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Be of Good Cheer By Heeding These Credit Card Warnings

November 15, 1996|KATHY M. KRISTOF

Citibank is urging consumers to secure their wallets for the holidays--a high season for travel, shopping, pickpockets and overspending. The bank offers these tips:

* Watch where and how you use your ATM card. A criminal who is close enough to watch as you plug in the personal identification number can steal from your bank account. And beware of pickpockets if you are careless enough to write your PIN on your card.

* Make sure to get your card back after a purchase. Things can get mixed up in a maddening crowd--often to a criminal's advantage.

* Track your spending so you don't go way over your holiday budget.

* Carry only the cards you need. That way, if your wallet is lost or stolen, you won't have to cancel everything.

* Know thy perks. Many credit card companies provide free travel insurance and discounts on hotels and car rentals to all their customers. If you're traveling over the holidays, that can save you a few bucks.

If you need help tracking your spending or want more fraud tips, Citibank provides free booklets: "Facing Financial Fraud" and "Credit Minder." Both are free to those who call (800) 669-2635.

For those who fail to heed the holiday advice, there's "Coping With a Credit Crisis." The booklet is also free and available by dialing the toll-free number.

* Financial Literacy Contest: The National Endowment for Financial Education is holding a contest that promises awards ranging from $1,000 to $5,000 to high school students who best answer the question: "What in the world is financial literacy?" Entries can be in the form of essays or posters. They must be postmarked by Feb. 28, 1997. Entry forms are generally available through high school guidance offices. However, if your high school doesn't have the forms, you can get copies through the NEFE, 4695 S. Monaco St., Denver, CO 80237-3403.

* Mutual Fund Basics Online: Are you thinking about investing in a mutual fund? If so, check out Kemper Corp.'s Web site at The site features college and retirement planning tips. However, its section on mutual fund basics is what's most useful. This segment includes lots of basic information and lays out the 13 most common mistakes mutual fund investors make.

Those who have a little time may also want to check out the site's explanation of how interest rate changes filter through the economy. The site's bright and moving graphics are delightful to look at but slow to respond if you don't have a high-speed modem. For the impatient, there's a graphic "lite" option that's not quite as cute, but substantially quicker.

* Free Retirement and College Planners: Need a little help determining how much you need to save for retirement or for the kids' college bills--and want some ideas on how to sagely invest it? Dreyfus Corp., a New York-based mutual fund company, has two marvelous booklets--"The Dreyfus Retirement Planner" and "Investing for College." Both are filled with work sheets and market facts that can help you with either goal. You can get the free booklets by calling (800) 782-6620.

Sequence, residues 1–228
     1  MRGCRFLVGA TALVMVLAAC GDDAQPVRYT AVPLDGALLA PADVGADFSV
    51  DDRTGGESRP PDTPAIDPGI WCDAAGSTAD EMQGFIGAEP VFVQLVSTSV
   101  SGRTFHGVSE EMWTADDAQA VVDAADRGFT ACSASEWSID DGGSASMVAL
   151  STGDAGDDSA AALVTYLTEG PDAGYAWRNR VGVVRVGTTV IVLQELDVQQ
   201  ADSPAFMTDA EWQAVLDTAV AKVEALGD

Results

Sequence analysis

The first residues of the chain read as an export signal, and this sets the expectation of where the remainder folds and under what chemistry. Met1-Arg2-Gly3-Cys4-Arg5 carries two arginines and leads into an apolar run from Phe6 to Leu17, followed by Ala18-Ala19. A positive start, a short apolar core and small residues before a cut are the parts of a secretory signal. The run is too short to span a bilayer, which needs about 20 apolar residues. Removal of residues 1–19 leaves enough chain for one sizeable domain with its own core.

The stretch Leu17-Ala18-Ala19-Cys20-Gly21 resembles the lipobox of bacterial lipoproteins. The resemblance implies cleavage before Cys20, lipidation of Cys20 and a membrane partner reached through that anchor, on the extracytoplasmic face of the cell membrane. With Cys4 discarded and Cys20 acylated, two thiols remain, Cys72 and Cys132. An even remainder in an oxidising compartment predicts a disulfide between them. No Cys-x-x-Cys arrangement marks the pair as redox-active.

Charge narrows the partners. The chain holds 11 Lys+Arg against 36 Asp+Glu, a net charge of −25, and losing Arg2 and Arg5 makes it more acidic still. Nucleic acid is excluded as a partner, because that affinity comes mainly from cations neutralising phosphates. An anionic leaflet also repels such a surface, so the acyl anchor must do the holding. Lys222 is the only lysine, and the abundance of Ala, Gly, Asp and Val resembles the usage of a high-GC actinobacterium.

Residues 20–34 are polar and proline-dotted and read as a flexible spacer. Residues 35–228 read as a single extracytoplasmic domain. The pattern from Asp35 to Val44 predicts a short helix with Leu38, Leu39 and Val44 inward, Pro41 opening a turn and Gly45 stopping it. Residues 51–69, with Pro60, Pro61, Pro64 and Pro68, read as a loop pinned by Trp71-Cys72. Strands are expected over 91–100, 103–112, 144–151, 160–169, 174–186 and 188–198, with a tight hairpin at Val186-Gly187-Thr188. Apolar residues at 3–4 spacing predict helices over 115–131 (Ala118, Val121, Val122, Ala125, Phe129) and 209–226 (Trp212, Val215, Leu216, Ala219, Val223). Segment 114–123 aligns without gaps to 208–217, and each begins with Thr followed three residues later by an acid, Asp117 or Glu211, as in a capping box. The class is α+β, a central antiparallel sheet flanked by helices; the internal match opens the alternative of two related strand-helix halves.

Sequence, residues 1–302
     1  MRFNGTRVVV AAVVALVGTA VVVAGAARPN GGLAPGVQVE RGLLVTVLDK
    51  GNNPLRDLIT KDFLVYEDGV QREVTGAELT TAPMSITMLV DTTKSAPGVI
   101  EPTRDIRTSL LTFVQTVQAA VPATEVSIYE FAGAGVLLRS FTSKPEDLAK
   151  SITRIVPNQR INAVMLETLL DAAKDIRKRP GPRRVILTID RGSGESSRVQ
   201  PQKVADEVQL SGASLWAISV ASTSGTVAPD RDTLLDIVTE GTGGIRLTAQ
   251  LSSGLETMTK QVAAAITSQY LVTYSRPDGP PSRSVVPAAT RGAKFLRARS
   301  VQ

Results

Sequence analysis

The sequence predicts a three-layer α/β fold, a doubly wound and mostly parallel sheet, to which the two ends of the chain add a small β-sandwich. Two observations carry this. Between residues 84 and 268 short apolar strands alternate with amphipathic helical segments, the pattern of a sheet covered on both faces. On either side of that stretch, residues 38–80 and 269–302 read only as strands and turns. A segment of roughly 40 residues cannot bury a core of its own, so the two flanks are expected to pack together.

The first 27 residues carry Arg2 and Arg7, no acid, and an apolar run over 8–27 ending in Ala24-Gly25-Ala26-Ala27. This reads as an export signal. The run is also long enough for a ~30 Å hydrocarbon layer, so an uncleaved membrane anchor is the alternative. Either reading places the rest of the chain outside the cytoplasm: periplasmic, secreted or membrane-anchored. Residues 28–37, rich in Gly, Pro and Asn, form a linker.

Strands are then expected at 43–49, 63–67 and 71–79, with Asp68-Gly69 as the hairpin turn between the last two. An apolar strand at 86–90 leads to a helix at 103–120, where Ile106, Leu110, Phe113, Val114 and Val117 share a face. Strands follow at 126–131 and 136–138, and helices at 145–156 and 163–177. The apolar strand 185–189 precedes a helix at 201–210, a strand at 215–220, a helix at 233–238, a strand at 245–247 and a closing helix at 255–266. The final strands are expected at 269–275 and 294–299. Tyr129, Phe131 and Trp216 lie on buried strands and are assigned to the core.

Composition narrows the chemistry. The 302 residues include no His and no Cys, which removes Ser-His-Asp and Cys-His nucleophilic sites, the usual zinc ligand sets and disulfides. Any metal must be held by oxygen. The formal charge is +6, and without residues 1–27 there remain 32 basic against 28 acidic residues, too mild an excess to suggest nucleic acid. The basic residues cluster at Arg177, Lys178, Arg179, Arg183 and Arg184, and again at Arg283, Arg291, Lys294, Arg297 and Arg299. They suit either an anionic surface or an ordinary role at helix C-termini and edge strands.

* Survey Finds Students "Realistic and Responsible": Phoenix Home Life, in its latest fiscal-fitness survey, polled 1,200 students--ranging from junior high school to college--on their financial savvy. The results: 89% of these kids agree that they should save for the future and 78% have savings accounts; 94% shop for bargains; 52% work after school or on weekends; and 87% save a portion of their wages, while 52% save a portion of their allowance.

Of the college students surveyed, many are paying all or part of their college bills by contributing to their own savings (53%); working during summer and winter vacations (73%); working during the school year (61%); or by borrowing money (30%).

As for goals: 90% want to be happy; 88% want kids who love them; 81% want jobs they love; 71% don't want to owe money; 31% want to be able to buy what they want; and 17% want nice clothes. Only 11% consider it "very important" to have a million dollars. Buying an expensive car ranks important to only about 5% of those surveyed. Finally, 60% of student credit card holders pay off their balances each month, compared with about 45% of adults, according to Yankelovich Partners Inc., which conducted the survey.

In other words, if the survey is to be believed, today's generation of kids is substantially more grounded and financially responsible than adults. Now here's the bad news: 79% of the respondents said they plan to handle their money the way their parents do.

Consumer Checklist is a weekly feature that covers a range of pocketbook issues of interest to Californians. To contribute information about new legislation, products, services or surveys, write to Kathy M. Kristof, Business Section, Los Angeles Times, Times Mirror Square, Los Angeles, CA 90053; or e-mail

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